UN Freeport Enclaves | Alephograph
“Under the auspice of generating a new interpretation of the United Nations as an institution, the Freeport became an architectural extrapolation of the position of the gifted murals and artworks hanging within the UN Building as a more naïve or truthful reflection of the United Nations dream.” These are the words used by Luke Pearson from Alephograph, to describe his project UN Freeport Enclaves.
With Kelly Easterling’s analysis of the United Nations Law of the Sea in mind, New York’s original detached enclave [Roosevelt Island] was reinterpreted as a Free Economic Zone to help America pay back its unpaid UN contributions, currently in excess of one billion dollars. The UNCLOS replaces the older and weaker ‘freedom of the seas‘ concept, dating from the 17th century: national rights were limited to a specified belt of water extending from a nation’s coastlines, usually three nautical miles, according to the ‘cannon shot’ rule developed by the Dutch jurist Cornelius van Bynkershoek. All waters beyond national boundaries were considered international waters — free to all nations, but belonging to none of them [the mare liberum principle promulgated by Grotius]. But currently only two countries still use the three-mile limit: Jordan and Palau, as read on the Table of Claims to Maritime Jurisdiction.
Alephograph presents here a series of exploratory and propositional drawings, where the language of the grid as capitalist tool meets the innocence and naivety of the mural-space, as a parallel to the system of reducing a country to statistical economic analysis meeting the different visual and cultural languages of 192 nations drawn together within the UN.
Luke Pearson wrote about his project:
As part of a larger investigation into this propositional United Nations governed Freeport, the sketchbook drawings which make up the “Enclaves” serve as a central core to the discussion the project instigates between the act of the draughtsman and that of the delineator. How does one begin to attempt a rendering of the tensions between international politics, city planning, economic grading systems and the often wilful naivety in the family home of the world that is the UN Headquarters in New York.
These dimunitive sketches are used to examine and develop a conceptual framework for the production of larger, detailed drawings. Described as a process of thinking through drawing whereby the sketchbook becomes a palimpsest of prototypes and key moments for later resolution. The process of allowing the solvent based ink to bleed through the page and onto the next leaf starts to create new landscapes on which to anchor the next drawing. Patches of tone become part of a new drawing linked materially to that which came before it, allowing Alephograph’s architectural thinking to be serialised through the pages of the sketchbook.
This narrative set through delineations become a process which appears equivocal to what we might loosely term “design through making” whereby the act of drawing becomes a method of thinking in itself. As read on the synthesis of Sheil’s book:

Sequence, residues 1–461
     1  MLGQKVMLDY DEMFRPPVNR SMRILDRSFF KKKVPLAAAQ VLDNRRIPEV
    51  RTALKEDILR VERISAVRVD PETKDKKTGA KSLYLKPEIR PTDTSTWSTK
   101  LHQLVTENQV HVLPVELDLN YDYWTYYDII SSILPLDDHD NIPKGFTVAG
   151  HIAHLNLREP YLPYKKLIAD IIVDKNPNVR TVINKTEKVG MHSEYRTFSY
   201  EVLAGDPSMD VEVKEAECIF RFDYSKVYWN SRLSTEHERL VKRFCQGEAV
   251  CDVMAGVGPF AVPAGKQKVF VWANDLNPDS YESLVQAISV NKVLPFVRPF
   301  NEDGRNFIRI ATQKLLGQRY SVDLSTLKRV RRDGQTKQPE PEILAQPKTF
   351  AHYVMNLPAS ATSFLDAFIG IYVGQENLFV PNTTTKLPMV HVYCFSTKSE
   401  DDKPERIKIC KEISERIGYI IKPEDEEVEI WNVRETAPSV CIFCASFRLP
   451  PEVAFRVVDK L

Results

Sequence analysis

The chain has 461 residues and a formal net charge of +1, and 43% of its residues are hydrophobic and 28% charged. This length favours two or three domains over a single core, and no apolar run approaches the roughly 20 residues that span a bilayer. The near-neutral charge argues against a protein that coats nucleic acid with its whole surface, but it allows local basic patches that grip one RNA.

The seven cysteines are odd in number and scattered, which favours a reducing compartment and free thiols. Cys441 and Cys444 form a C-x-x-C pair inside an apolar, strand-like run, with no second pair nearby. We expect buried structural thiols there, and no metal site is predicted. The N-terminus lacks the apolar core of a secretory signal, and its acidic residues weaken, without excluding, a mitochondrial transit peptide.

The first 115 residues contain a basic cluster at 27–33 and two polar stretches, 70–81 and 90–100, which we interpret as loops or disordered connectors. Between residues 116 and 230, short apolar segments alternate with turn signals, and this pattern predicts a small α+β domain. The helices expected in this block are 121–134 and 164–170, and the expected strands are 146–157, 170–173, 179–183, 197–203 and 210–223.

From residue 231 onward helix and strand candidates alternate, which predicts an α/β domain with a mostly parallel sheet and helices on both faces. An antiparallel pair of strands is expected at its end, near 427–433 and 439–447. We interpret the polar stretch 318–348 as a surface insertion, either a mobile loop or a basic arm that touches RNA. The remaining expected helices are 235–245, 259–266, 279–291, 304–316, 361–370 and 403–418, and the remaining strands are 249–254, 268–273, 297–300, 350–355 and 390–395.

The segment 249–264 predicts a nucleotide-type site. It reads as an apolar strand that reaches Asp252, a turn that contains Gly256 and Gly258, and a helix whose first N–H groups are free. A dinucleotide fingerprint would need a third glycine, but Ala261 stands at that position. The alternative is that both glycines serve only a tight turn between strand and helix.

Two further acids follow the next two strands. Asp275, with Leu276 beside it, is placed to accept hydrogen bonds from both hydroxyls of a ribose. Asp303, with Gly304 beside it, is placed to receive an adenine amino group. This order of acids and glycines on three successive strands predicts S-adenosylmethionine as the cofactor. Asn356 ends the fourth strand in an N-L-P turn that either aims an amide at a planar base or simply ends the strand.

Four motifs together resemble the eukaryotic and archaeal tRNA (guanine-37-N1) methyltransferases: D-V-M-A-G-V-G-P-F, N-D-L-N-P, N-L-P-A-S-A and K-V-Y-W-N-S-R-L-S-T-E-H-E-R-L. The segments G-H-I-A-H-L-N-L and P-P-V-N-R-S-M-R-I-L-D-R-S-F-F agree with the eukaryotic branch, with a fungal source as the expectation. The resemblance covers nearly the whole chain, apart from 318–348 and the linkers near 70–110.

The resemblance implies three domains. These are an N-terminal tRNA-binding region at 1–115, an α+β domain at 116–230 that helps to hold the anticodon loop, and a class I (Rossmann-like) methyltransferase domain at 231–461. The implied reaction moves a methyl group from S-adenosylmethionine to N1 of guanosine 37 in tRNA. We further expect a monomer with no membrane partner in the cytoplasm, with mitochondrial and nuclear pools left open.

Most architects who build do not make buildings; they make information that makes buildings. Making buildings requires knowledge not only in the world of information exchange, but in the world of making things. Transforming an idea into built form is a delicate, skilled, and somewhat mysterious operation; it relies on a tacit expertise that is familiar with the tactile and the physical.
That’s why the UN Freeport Enclaves drawings initially deal with a mass of quasi-architectural ephemera which starts to become anchored to a masterplanning scheme set out through the economic grading systems the UN uses to compare nations.
Pearson has sent us a text on the project, where he describe the techniques used on his work that mixes architectural research with drawing and fabrication. He adds that a second series of drawings for the UN Freeport were produced through enlargements of the drawings made in sketchbooks. These are overlaid with polyester drafting film and rendered using colouring pencils along with white and black ink. The project doesn’t ends at this point, going further with textural investigations of these drawings, Pearson has included the use of Copic Wide markers on polyester film to develop a watercolour like surface effect that was then manipulated for some minutes before drying. Working onto these with lighter value markers allowed for different textural effects, as we can see here:
We think that this is a remarkable way to analyze a difficult issue as the United Nations Law of the Sea. Different new narratives are emerging and in between the abundant digital tools, is really impressive to stop for a while and return to this kind of drawings. Going back to Sheil‘s thesis:
Today, both visual literacy and the means of making architectural information are developing at such an explosive rate that our visual appetite for elusive and seductive form appears insatiable. Strangely enough, at this point where the visual [implied] could not appear more distant in outlook from the actual [artefact], it is largely through the implications of advanced drawing techniques that the issue of how things are made has once more become fundamental to design practice.
Alephograph is the work of Luke Caspar Pearson, encompassing art and architectural research into drawing and fabrication. Luke currently teaches Unit 4 of the Bartlett Architecture course at University College London, where students explore the brief of Character Building – pursuing the delineation of an architectural character informed by modes of representation. For more info, visit Alephograph.
For more info about The United Nations Convention on the Law of the Sea, you can go here.